One o'clock P. M.--Company D is called to the rally. We started and ran eight hundred yards through direct and cross fires, but not a man hurt. I received but a small scratch upon my thumb from a bullet. We got to our post and some one yelled out, “Don't fire, cease firing, a flag of truce.” We looked, and sure enough they had a flag up. Our hearts were full of hope; but the field was an awful bloody one--men, horses, and mules lying torn and mangled; still we were full of hope. But just then the word came that the first flag was raised by Major Beckwith, in command of the few Home Guards who were stationed at that part of the works. Confusion and panic began among the men. All fled to the rear. I say all, but I do not mean all, for there were two parts of companies of the brigade that stood, and Company D with them. There we stood in the face of five hundred of them. It is true they had a truce, but would they respect it? No matter; we were bound to stand. I looked around and saw the timber filled with men, the streets, houses, and house-tops crowded full of men. We were surrounded by an immense force, who closed in around us, but remained at a good distance outside. The Home Guards fled through our camp and spread panic and confusion through it by saying we were killed and the rebels were in upon us. Colonel Mulligan tried to rally them, but many swore they could do no good now. I saw that surrender was to be the result, and as the thought flashed over my mind, my eyes filled with tears.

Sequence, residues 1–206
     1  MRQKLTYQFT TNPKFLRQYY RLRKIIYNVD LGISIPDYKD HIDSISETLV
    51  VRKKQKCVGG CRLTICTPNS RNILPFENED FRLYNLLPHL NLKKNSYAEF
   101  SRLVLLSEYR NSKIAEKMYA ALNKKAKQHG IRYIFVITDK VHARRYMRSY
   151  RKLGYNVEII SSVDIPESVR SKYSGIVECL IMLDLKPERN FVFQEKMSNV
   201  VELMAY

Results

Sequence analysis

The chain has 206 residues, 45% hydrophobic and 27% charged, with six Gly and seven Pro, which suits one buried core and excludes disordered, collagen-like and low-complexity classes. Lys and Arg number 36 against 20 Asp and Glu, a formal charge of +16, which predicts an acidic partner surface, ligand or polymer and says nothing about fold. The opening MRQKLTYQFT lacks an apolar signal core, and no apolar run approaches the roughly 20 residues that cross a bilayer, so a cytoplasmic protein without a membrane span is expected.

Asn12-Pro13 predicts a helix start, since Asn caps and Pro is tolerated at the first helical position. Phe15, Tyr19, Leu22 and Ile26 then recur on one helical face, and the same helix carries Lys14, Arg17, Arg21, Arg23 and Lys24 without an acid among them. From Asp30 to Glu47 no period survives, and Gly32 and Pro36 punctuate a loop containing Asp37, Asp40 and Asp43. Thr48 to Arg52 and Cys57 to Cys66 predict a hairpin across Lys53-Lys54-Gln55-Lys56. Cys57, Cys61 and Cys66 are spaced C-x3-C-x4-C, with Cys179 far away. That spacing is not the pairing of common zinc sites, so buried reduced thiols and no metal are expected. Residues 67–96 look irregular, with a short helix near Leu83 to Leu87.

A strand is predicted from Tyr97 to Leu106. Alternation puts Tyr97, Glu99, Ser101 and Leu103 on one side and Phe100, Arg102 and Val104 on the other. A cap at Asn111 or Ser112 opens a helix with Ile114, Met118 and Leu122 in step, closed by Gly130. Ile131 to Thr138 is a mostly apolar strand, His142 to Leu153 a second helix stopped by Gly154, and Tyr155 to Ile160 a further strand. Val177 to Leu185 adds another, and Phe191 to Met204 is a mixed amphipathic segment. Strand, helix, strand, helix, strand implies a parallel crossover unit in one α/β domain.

Yet I am proud that the dishonor does not rest upon the brigade — that Major Beckwith did the mischief; although eventually we must surrender, for their forces number twenty-eight thousand men and twenty pieces of cannon. They seemed to rise right out of the ground, and in twenty minutes every possible spot of ground was covered. At three o'clock our noble flag was taken down and handed to General Price, and as the deafening cheer of the rebels went up, again my eyes filled. I turned round to hide them, for I felt ashamed of my weakness. I went round the corner; there stood Colonel Mulligan, that brave, true-hearted man. There he stood, tears washing the dust and gunpowder smoke off his manly cheeks. I went to him. He said that death was preferable, and he could die with us rather than have this occur; but, says he, “Lieutenant, we shall be honored in defeat, for we have fought twenty-eight thousand men and twenty cannon, with two thousand seven hundred men and five cannon. We have done our duty.” * * I have visited the rebel battle-ground. It is a sickening sight — blood, brains, and fragments of limbs covering the ground profusely. The cellarswhere the dead and wounded lay look like slaughter-houses.

Creative Commons License
This work is licensed under a Creative Commons Attribution-ShareAlike 3.0 United States License.

An XML version of this text is available for download, with the additional restriction that you offer Perseus any modifications you make. Perseus provides credit for all accepted changes, storing new additions in a versioning system.

hide Dates (automatically extracted)
Sort dates alphabetically, as they appear on the page, by frequency
Click on a date to search for it in this document.
September (9)
18th (4)
12th (4)
20th (3)
September 1st (2)
11th (2)
10th (2)
September 23rd, 1861 AD (1)
September 21st, 1861 AD (1)
September 26th (1)
September 23rd (1)
September 9th (1)
21st (1)
17th (1)
13th (1)
7th (1)
3rd (1)
hide Display Preferences
Greek Display:
Arabic Display:
View by Default:
Browse Bar: